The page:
"I believe that whoever does not have Torah in his soul, does not have enough inner strength to deal with the difficult struggles we face with the general Zionist ideology, and will very quickly find excuses to accept whatever Olmert or Netanyahu tells him on political or educational matters... If everyone can vote in open primaries, then the non-religious Kibbutzim, for example, can get together to vote in our primaries and choose our party leader..."
Rabbi Proposes "Jewish State" Party
Rabbi Yisrael Rosenne of Gush Etzion has another idea. He heads the Zomet Institute for Torah and Science and is a regular columnist in the weekly Shabbat B'Shabato synagogue pamphlet, one of the main mouthpieces of religious-Zionism.
Rabbi Rosenne says it is impossible to find any proposal, whether it be "open primaries, half-primaries, registration drives, etc.," that will be able to democratically unite all the opinions and forces in the camp.
"Furthermore, primaries are suspect because of the role played by vote-contractors and the like, and because serious people won't want to degrade themselves by running after votes... In addition, the question of the platform will never be able to be solved," given the plethora of opinions within the religious-Zionist camp.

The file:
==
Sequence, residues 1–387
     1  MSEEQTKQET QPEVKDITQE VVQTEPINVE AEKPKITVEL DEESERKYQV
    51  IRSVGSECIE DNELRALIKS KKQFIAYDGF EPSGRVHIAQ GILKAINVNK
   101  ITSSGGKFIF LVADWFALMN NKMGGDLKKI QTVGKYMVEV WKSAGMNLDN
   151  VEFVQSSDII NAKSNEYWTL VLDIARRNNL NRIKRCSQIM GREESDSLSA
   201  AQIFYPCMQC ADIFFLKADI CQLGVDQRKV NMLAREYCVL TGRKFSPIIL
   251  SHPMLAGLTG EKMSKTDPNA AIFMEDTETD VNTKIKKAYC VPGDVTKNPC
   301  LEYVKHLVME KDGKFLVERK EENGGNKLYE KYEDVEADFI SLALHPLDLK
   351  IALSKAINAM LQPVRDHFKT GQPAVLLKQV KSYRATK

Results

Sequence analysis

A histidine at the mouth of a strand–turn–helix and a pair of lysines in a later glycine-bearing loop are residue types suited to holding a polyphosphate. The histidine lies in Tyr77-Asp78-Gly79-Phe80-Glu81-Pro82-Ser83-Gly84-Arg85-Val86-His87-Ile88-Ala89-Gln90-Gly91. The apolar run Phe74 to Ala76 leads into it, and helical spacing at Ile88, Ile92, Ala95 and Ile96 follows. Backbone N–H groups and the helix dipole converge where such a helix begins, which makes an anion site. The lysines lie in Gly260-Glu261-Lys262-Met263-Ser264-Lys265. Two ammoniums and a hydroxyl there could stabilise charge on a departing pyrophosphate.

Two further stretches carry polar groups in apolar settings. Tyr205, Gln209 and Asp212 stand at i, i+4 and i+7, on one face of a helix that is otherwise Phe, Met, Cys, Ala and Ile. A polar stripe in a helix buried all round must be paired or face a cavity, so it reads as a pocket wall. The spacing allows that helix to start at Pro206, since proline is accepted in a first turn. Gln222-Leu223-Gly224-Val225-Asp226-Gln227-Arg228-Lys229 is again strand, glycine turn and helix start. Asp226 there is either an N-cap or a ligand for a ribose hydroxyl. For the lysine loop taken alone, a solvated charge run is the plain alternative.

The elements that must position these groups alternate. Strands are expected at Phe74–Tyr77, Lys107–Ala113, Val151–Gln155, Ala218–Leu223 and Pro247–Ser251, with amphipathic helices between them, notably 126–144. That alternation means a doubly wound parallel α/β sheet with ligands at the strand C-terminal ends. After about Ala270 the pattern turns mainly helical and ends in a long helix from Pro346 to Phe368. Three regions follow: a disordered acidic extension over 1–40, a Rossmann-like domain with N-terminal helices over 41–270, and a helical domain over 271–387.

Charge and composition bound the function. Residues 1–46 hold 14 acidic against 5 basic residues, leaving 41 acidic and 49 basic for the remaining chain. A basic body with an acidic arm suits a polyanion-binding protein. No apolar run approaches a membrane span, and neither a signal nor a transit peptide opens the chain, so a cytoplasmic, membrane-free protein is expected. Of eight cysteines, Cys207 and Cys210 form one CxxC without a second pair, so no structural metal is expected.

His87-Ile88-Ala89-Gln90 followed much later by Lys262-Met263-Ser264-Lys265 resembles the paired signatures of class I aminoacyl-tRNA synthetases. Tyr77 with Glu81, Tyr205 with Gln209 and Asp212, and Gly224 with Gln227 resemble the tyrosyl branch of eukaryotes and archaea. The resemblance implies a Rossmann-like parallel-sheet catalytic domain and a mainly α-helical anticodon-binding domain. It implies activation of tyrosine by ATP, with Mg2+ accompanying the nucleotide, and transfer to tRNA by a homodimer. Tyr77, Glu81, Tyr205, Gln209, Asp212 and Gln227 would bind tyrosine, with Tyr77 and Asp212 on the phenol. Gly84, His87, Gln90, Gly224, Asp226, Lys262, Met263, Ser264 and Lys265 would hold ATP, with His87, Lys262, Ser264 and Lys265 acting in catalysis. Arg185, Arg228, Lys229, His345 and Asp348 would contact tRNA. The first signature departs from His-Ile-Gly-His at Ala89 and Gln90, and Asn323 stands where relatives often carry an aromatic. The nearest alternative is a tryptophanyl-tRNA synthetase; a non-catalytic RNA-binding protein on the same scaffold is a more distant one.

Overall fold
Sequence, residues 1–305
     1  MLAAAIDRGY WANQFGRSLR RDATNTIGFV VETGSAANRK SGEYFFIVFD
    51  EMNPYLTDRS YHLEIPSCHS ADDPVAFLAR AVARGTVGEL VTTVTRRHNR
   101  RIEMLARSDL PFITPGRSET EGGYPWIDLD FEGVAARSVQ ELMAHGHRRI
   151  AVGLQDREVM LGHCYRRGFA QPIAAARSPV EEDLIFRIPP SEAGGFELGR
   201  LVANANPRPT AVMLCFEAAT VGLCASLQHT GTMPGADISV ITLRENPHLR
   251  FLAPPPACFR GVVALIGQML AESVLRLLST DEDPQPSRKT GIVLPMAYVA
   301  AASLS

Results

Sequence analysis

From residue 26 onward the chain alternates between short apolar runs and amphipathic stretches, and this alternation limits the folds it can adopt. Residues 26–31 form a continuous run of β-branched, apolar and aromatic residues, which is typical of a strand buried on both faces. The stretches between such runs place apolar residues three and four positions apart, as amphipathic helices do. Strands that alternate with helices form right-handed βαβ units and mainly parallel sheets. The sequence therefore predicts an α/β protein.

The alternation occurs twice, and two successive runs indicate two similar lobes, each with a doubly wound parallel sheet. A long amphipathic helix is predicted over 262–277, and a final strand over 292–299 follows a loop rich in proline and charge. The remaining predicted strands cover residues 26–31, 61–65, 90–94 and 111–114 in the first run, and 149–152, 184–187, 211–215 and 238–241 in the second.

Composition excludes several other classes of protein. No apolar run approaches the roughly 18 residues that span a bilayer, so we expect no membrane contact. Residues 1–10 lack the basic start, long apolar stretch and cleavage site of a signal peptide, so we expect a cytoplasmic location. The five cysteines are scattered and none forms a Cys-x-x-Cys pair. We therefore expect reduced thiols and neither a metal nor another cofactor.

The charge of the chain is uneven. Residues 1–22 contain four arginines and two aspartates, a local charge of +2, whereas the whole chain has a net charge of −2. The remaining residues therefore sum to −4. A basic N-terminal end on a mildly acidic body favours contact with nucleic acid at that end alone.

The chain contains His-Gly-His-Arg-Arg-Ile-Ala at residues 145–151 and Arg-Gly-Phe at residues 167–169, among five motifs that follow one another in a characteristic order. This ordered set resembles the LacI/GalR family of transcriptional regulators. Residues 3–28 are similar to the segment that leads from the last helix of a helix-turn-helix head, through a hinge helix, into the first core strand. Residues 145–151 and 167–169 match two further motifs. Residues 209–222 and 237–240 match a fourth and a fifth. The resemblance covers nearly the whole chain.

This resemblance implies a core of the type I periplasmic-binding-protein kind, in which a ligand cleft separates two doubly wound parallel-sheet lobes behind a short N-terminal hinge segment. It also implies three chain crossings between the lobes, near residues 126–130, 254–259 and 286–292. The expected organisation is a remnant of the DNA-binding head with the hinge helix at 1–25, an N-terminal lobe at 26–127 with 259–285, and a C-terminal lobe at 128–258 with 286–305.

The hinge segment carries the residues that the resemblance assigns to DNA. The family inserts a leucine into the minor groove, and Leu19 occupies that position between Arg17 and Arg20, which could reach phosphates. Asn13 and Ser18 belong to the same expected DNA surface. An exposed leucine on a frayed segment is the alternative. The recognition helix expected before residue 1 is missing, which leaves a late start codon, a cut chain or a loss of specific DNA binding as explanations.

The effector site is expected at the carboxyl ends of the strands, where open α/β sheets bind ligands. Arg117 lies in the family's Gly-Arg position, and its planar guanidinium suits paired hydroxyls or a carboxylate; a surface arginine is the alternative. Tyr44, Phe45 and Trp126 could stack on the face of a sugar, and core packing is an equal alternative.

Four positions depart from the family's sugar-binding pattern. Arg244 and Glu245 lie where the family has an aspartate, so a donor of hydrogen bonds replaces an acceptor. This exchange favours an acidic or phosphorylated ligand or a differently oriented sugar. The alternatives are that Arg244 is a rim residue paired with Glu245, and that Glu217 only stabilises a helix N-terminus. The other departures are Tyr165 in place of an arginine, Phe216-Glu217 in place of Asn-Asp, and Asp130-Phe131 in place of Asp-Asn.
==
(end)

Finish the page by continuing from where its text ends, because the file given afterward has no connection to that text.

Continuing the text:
Rather, Rabbi Rosenne supports the "compiling of a united 'emergency list' under the name 'Jewish State.' "These two words are the entire platform, and its content will be determined in the future in accordance with the circumstances that develop. The 'Jewish State' list will make decisions in accordance with those two words, and will turn to the public at large, including those who do not consider themselves religious..."
The list of candidates will be determined, Rabbi Rosenne suggests, by a board of seven "icons" - highly-respected men and women, names of whom Rabbi Rosenne says he can propose if asked. At most, the public at large will be able to determine the order of the first ten candidates to be proposed, as well as that of the second ten. The chosen candidates will have to guarantee in some manner that they will not desert to another Knesset party. The board-of-seven will continue to guide and advise the elected representatives throughout their terms in office.
Orlev: Change Priorities
Yet another approach comes from MK Zevulun Orlev, head of the NRP, who does not favor a major change in the way the candidates are chosen. He says that the religious-Zionist political agenda should no longer concentrate on political arena: "We must have a new agenda with education at its helm, together with a struggle for the country's Jewish agenda and social values. I believe strongly that such an agenda, together with a united list of candidates who are able to carry it out, will determine the future of the State, including our hold on the Land of Israel."
New elections are currently not scheduled before 2010, but they could happen much earlier, if the Olmert government is toppled in any of various scenarios. Will the religious-Zionist camp be ready?